Indonesia formulating tighter COVID-19 measures, public should not panic over WhatsApp messages: Minister's spokesperson
JAKARTA: The Indonesian government is formulating tighter measures to curb a second wave of COVID-19 infections, said a minister’s spokesperson, while urging the public to stay calm amid speculation on social media over a possible lockdown.
This came after media reports that Indonesia is expected to impose a lockdown as cases spike, driven by the Delta variant.
In a statement issued on Tuesday (Jun 29), Mr Jodi Mahardi, a spokesperson for coordinating minister for maritime affairs and investment Luhut Pandjaitan, said he wanted to “clarify the news circulating in WhatsApp groups” on potentially stricter restrictions.
He noted that Mr Pandjaitan has been appointed by President Joko Widodo as the emergency PPKM (community-level public activity restrictions enforcement) coordinator for Java and Bali.
“Currently, the tighter measures to be taken are being formulated. An official announcement will be made by the government, said Mr Mahardi.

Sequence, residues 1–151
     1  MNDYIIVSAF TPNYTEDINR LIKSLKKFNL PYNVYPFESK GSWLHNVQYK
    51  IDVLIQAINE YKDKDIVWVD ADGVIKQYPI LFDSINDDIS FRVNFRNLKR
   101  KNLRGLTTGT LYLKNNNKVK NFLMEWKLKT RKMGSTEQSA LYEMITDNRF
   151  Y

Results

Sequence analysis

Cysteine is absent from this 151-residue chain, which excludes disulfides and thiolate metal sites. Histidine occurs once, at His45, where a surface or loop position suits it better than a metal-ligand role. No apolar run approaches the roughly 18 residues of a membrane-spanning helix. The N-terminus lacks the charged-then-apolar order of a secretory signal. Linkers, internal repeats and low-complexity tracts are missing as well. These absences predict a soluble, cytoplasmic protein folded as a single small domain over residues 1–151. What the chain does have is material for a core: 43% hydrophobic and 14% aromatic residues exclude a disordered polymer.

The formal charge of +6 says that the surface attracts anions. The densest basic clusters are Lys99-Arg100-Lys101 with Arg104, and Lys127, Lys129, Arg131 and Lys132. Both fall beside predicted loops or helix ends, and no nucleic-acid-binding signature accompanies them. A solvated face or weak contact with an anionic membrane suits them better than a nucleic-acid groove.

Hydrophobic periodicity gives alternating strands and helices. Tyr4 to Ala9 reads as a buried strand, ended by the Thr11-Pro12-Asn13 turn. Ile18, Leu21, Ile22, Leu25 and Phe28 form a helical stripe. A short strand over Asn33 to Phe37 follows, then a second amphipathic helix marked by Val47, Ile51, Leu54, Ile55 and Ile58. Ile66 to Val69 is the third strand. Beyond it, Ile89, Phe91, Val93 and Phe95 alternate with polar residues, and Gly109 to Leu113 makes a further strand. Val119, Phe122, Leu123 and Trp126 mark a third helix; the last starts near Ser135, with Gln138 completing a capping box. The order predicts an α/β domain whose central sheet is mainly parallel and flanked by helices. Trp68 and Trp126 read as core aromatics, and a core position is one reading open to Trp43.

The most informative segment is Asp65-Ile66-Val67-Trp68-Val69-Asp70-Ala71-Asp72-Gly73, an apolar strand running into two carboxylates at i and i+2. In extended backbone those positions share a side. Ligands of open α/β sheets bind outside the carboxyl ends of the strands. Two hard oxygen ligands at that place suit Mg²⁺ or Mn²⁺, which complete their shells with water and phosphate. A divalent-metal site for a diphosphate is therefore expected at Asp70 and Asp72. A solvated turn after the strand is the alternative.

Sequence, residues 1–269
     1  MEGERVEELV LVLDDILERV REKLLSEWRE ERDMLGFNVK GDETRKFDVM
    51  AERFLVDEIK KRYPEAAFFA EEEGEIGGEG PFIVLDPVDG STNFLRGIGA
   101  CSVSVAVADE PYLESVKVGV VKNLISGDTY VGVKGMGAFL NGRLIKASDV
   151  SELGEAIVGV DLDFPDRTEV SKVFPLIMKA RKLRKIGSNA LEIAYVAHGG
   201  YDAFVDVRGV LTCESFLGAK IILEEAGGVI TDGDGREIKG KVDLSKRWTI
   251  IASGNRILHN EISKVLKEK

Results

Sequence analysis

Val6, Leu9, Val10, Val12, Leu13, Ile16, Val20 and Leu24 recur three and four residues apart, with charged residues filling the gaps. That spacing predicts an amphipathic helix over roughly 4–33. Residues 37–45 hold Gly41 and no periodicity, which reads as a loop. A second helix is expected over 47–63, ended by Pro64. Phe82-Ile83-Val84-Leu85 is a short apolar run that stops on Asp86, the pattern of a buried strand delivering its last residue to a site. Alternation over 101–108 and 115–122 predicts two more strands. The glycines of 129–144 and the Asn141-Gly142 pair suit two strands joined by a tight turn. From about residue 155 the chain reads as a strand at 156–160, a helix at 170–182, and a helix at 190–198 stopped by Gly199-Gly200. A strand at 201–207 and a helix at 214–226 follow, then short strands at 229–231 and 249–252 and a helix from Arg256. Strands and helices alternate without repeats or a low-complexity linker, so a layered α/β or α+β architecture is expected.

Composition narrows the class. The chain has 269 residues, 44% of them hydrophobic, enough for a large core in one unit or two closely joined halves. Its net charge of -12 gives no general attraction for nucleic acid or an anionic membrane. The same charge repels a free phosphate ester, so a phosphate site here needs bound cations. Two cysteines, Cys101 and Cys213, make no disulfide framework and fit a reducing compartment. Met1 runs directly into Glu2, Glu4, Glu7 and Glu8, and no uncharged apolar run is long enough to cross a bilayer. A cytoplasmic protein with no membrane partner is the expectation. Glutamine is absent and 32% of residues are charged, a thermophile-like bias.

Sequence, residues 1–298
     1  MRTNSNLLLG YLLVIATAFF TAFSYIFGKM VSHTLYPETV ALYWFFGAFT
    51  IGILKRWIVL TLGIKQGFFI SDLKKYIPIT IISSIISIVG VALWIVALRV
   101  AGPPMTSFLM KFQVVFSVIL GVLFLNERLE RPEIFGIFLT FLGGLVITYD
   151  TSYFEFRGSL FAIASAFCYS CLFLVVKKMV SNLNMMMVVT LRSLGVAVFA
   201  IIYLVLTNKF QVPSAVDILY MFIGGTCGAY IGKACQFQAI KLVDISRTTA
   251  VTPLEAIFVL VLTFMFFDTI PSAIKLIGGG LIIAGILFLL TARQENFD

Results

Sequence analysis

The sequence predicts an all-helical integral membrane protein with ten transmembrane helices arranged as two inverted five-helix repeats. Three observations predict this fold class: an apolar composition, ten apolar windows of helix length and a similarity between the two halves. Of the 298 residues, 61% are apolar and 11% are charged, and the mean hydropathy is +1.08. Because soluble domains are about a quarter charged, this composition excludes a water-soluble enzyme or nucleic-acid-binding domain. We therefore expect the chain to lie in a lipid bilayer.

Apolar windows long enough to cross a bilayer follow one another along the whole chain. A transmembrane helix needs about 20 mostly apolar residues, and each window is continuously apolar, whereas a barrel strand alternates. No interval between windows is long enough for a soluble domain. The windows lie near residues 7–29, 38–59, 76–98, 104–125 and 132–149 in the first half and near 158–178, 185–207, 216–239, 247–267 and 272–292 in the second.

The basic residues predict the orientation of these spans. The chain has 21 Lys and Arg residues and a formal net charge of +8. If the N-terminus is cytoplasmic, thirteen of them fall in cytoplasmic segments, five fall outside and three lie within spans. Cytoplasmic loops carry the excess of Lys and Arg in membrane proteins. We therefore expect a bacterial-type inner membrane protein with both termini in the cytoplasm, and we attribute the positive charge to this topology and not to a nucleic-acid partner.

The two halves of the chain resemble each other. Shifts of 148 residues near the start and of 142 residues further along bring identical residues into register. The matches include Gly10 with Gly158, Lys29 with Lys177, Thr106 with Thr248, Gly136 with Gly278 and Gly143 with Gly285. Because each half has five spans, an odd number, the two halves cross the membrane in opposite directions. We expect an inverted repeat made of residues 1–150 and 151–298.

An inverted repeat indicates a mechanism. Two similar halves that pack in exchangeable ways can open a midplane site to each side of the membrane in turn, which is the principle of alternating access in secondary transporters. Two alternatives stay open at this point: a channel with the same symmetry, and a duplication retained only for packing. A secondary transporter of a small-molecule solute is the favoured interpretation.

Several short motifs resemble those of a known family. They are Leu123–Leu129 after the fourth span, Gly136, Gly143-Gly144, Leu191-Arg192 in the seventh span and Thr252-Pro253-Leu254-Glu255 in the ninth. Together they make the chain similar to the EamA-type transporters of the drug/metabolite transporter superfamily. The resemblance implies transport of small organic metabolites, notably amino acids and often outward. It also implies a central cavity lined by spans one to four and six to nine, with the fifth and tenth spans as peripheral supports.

“Supermarkets, malls and other essential sectors will continue to operate with shortened operating hours and strict procedures.”
He added: “Please don't panic over the news circulating in the WhatsApp groups … All parties (should) continue to carry out strict health protocols, vaccinate for those who are healthy and stay alert.”
When contacted by CNA on Wednesday, the spokesperson said: “We shall wait for the official announcement.”
Since Indonesia announced its first COVID-19 cases in early March last year, the government has opted against total lockdowns that would bar people from freely leaving their homes.
In late March last year, the president signed a regulation for cities and provinces to enforce large-scale social restrictions (PSBB) under which non-essential workers must work from home, students had to study at home and places of worship were closed.
PSBB curbs were relaxed earlier this year and PPKM was introduced, which allows local leaders to restrict movement within their communities. PPKM is currently in force in all 34 provinces.
According to reports, the upcoming new restrictions may be called PPKM Emergency.
The spike in COVID-19 cases in Indonesia comes as many people ignored a travel ban during last month’s Idul Fitri holiday, travelling back to their hometowns and crowding tourist spots.
The hike in cases is predicted to continue until at least the beginning of July as previous holidays tended to result in a spike of infections up to seven weeks.
As of Wednesday morning, Indonesia recorded 2,156,465 cases and 58,024 deaths.